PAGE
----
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The Heartbreaker
The Heartbreaker
Susan Howatch
Knopf, 2004
496 pp., 25.00

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Reviewed by Karen L. Maudlin

What's Love Got to Do with It?

Susan Howatch's new novel explores the transformation of sexual attraction to sacrificial love.

The novelist Susan Howatch has had an unpredictable career. Publishing her first book in her mid–twenties, she made her name as a prolific writer of genre fiction—family sagas, gothic tales, and other such with Masterpiece Theater–style historical settings and a strong vein of romance. Few readers could have anticipated the turn she took next with the Starbridge series, a set of six novels ranging from the 1930s to the late 20th century and focusing on clerics in the Church of England. With this series Howatch single–handedly revived the moribund genre of ecclesiastical fiction, winning a wide readership especially among diverse Christian groups.

Her latest book, The Heartbreaker, is the third novel in a new series spun off from Starbridge. Here the focus is on the Healing Centre, an unconventional institution in the heart of London, where spiritual, psychological, and physical healing are integrated.

The new series includes some of the characters avid fans already know and love—or hate—from the Starbridge sequence. Here, as in the earlier series, Howatch fleshes out diverse theological positions that are not only debated but change lives in the course of the books. Here too Howatch excels at creating characters that are strikingly individual and psychologically complex. And to a degree unmatched in contemporary fiction, she depicts the disciplines of confession, spiritual direction, and repentance in the development of the characters over the years as well as the occasional miracle of God.

The two previous novels, The Wonder Worker and The High Flyer, introduce Father Nick Darrow, director of the Healing Centre, a spiritual director who possesses the gift of laser–like insight. Father Nick has been a source of strength for Carter, an attorney who wielded considerable financial and interpersonal power until her self–assurance and false sense of security blew up before her very eyes and she turned to God for salvation. Now—in The Heartbreaker— a fledgling Christian using her gifts as a fundraiser for the Healing Centre, Carter encounters Gavin, a heterosexual prostitute who services only homosexual "clients." He is alternately drawn to Carter and determined to get her out of his life.

Howatch does a superb job in capturing the dark reality of Gavin's days and nights. (At times, the depictions are so unsparing your skin will crawl.) She also is superbly insightful in portraying the spiritual struggle of pride, guilt, and sin that coming to Christ involves. Some readers may shy away from Howatch's realism, wondering if one must come this close to evil to understand its sneakiness and grip. But she is intent on showing the process of healing and conversion in all its messiness and confusion.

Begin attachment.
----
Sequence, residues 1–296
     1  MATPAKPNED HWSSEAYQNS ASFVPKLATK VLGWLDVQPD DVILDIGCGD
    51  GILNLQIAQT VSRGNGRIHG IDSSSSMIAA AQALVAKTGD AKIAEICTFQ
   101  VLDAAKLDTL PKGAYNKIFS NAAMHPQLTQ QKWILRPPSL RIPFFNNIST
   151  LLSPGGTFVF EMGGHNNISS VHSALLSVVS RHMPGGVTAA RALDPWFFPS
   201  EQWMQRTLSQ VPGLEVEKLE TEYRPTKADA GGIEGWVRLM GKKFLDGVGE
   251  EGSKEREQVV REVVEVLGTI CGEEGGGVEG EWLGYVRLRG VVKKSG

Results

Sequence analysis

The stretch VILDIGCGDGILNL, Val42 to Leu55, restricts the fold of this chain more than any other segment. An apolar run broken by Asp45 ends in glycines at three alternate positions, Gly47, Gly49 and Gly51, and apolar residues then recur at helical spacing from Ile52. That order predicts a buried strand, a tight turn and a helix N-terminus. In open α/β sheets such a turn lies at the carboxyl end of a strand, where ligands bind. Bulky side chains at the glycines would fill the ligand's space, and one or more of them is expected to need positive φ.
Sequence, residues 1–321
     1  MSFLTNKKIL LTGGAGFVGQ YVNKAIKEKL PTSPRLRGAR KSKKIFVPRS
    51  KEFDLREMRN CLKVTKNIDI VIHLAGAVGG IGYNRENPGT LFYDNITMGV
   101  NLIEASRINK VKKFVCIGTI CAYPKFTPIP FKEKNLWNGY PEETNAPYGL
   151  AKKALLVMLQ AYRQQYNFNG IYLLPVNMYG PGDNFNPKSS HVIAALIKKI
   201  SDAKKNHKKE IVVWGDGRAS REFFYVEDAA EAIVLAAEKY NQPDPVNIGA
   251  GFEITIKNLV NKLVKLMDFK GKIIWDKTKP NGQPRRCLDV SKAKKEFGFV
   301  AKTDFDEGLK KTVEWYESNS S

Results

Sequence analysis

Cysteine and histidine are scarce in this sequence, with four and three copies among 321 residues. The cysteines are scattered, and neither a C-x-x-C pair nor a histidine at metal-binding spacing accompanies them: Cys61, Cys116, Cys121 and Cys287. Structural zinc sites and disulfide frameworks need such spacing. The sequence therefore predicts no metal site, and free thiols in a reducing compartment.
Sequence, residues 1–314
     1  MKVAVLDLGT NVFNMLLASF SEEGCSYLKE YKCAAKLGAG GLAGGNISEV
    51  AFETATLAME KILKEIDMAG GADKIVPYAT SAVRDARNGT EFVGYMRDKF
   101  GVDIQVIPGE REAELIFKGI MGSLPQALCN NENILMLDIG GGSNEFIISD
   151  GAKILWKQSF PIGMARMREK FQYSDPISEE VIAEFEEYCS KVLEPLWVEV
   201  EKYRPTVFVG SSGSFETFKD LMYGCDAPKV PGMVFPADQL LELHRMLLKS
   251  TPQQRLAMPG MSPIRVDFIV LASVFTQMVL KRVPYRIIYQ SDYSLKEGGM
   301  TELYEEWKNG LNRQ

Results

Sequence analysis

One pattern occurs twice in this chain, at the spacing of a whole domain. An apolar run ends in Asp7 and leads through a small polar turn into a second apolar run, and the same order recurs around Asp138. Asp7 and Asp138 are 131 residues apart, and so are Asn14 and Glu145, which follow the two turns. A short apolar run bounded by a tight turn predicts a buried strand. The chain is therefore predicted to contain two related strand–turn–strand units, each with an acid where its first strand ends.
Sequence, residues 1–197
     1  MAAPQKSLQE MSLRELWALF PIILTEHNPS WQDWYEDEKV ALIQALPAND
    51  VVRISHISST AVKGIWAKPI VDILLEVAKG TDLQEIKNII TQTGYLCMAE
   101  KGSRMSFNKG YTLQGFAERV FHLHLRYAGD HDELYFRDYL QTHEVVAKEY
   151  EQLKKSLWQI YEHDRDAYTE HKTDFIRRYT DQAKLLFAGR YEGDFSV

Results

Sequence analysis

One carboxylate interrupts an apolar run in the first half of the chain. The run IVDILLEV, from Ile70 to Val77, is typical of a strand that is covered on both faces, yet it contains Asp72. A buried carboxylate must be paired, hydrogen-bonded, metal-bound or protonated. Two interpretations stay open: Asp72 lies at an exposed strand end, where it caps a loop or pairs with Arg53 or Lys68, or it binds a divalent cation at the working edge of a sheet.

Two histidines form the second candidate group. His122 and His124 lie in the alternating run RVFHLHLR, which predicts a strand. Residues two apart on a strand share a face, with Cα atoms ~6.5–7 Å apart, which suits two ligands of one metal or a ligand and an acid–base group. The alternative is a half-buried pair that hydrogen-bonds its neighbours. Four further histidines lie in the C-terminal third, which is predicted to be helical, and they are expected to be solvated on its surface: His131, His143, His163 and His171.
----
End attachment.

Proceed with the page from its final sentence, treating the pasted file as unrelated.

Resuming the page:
Carter is both drawn to and disgusted by Gavin. She finds herself weak in the knees at the flash of his charismatic smile and sexual energy. Then she is disgusted with herself for being attracted to someone who sells himself for a living and who treats all interactions with women as opportunities for sexual conquest. Howatch takes Carter through an intriguing discernment process whereby God teaches her to sublimate her sexual attraction into a truly sacrificial love for Gavin that both overrules her instinctive disgust and transforms her longing into a deep grace.

While Carter supposes that she must outright reject the attraction along with the person, the truth of what God wants from her is not all or nothing but something powerful and new in the middle of the two choices. Love him, pray for him, tell him about Me. That has an extraordinary ring of God to it that most long–term Christians recognize but are just as happy to stay asleep to. Can God use someone's sexual attraction to you for his kingdom? In the book, Gavin is drawn to Carter, which eventually brings him to God. In life? It is an intriguing question.

The ordinariness and stability of ongoing covenant or marriage love slowly and quietly trudges on side–by–side the roller coaster of soaring and falling purely sexual love throughout the story. Gavin becomes annoyed with "clients" who fall in love with him: "This is an exchange, this is business." You can have my body for a fee, but don't try to put any emotional pressure or obligation into the relationship.

Howatch captures the exploitation and hatred involved in sexual exchanges without love. Anyone can be an object for exploitation, and under the guise of any rationalization. Gavin sleeps with the widow of one of his clients just after the funeral under the pretext of helping her through her grief. Howatch exposes the bottomless pit of sexual rationalization and denial time and time again, like a two–by–four to the head. It is a radical cultural position for a single English Anglican writer, speaking to the culture of England and the United States today. But at the same time, the novel affirms the transformational power of actually seeing a person as a creation of God, and speaking into that reality, even if the person himself does not see it.

And so the reader is left wondering. How realistic is this hope for transformation? How viable is Gavin's conversion? Does God want me to reach out with grace, even to prostitutes? Can God actually use me in a similar way with others today? No, that's right, it is just a book.

Karen L. Maudlin is a psychologist living in the Bay Area.

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